To the casual music fan, Belle and Sebastian are known primarily for two things: being the band that controversially nabbed the 'Best British Breakthrough' BRIT Award in 1999 (beating the likes of Five, Another Level and Steps in the process) and being, as frontman Stuart Murdoch wryly jokes on stage at Vicar Street, “that 'shy' band, only for listening to in bedrooms.”

While it's true that adjectives like 'twee' and 'fey' may have once blighted the Glasgow band, the Belle and Sebastian of today is a multi-limbed, living, breathing, pop music-making machine who simply want to make their audiences dance.

Yet the patchy crowd at tonight's gig – the second of two at Vicar Street, and the last of their European tour – aren't immediately in synch with Murdoch's famous hip-swivelling moves. It takes until the third song, 'Step Into My Office, Baby' to get reluctant feet tapping and heads nodding, while 'The Party Line' and 'I Want the World to Stop' sustain momentum amidst some of the newer tracks from their recent series of EPs 'How to Solve Our Human Problems'. Fans of the band's 2003 album 'Dear Catastrophe Waitress' had plenty of other reasons to be happy; although sprightly fan favourite 'I'm a Cuckoo' was missing from the setlist, the likes of 'Piazza, New York Catcher', a jaunty 'Stay Loose' and the title track all found a place in their ever-changing repertoire (neatly summarised with a succinct Venn diagram prepared earlier by keyboardist Sarah Martin and projected behind the stage.)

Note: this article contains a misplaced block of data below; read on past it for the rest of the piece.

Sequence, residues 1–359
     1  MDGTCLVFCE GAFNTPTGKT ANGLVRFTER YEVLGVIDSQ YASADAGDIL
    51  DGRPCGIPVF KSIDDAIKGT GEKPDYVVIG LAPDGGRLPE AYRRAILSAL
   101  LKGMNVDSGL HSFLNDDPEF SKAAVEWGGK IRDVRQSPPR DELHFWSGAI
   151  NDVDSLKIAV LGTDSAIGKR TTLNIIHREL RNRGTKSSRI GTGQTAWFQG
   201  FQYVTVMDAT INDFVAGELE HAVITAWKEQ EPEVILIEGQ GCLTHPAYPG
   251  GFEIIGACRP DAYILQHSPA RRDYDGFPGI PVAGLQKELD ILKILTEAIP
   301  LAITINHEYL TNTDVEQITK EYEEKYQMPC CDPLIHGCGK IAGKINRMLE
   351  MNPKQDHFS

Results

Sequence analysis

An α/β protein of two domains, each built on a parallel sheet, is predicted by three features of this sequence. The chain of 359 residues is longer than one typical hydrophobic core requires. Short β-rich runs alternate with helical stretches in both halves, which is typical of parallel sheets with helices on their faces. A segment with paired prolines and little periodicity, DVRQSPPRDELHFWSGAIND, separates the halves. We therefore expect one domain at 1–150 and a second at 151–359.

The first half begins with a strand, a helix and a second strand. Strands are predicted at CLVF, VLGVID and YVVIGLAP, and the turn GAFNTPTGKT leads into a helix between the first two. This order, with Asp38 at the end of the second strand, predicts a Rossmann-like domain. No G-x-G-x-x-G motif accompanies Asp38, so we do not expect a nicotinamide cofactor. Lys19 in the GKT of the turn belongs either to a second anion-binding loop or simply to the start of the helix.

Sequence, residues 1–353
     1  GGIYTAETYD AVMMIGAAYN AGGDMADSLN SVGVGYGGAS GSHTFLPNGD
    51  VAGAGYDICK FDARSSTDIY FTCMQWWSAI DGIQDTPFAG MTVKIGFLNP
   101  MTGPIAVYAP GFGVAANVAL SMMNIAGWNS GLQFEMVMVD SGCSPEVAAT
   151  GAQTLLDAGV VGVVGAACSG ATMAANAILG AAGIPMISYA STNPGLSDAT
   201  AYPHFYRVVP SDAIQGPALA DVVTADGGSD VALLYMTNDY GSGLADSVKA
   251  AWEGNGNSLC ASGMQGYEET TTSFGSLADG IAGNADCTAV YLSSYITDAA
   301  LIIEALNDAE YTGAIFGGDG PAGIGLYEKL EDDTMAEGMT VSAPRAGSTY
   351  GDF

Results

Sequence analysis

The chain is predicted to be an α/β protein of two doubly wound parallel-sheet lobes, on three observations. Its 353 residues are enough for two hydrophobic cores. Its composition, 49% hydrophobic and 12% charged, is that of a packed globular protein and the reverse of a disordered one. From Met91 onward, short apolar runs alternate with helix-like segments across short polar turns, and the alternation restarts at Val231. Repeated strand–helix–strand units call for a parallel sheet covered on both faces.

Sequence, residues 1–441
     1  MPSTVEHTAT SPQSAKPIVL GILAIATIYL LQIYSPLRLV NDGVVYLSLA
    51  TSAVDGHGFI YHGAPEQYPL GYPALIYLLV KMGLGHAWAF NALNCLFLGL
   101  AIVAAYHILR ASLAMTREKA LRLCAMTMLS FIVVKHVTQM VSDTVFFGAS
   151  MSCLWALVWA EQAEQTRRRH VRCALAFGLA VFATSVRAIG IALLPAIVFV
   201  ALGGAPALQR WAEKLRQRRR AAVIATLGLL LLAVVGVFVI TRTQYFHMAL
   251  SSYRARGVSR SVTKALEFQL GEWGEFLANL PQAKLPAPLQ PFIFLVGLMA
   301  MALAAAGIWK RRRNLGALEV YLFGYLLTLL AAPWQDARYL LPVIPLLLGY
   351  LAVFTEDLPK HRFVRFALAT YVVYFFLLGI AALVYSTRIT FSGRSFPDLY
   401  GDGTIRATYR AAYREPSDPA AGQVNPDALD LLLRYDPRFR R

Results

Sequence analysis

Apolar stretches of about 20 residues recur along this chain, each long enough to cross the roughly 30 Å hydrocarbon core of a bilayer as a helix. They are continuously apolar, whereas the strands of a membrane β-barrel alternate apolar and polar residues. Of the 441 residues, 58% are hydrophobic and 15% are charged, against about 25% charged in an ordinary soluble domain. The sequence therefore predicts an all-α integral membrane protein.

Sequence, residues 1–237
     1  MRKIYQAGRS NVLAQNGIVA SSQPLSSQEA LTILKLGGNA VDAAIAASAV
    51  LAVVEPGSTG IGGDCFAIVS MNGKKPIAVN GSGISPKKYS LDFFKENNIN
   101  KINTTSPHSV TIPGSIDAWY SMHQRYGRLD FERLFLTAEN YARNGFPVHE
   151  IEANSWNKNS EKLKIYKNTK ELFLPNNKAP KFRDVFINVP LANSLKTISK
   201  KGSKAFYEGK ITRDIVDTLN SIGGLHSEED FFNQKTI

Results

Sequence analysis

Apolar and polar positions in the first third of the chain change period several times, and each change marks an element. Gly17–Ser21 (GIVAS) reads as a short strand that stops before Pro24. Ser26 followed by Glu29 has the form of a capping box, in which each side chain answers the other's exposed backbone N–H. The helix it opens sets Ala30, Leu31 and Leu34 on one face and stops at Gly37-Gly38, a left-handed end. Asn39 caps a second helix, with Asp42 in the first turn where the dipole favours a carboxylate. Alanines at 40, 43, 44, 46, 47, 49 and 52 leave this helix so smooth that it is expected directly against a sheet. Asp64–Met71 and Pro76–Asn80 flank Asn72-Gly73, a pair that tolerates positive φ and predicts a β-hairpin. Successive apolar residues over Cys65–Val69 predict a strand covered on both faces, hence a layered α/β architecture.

Fans of earlier material, meanwhile, were sated by a winsome telling of 'The State I Am In' and there's the usual stage invasion during 'The Boy with the Arab Strap' - after which Murdoch notes that many of the youngsters dancing between the instruments and amps “weren't even born” when he wrote the song; still, both the song and his (almost 50-year-old) voice continue to age like a fine wine. 'We Are the Sleepyheads' is a joyful experience and 'Judy and the Dream of Horses' brings a really enjoyable gig to a satisfying close.

The atmosphere may have let things down somewhat – but as far as the music goes, Belle and Sebastian remain a force to be reckoned with, 22 years on.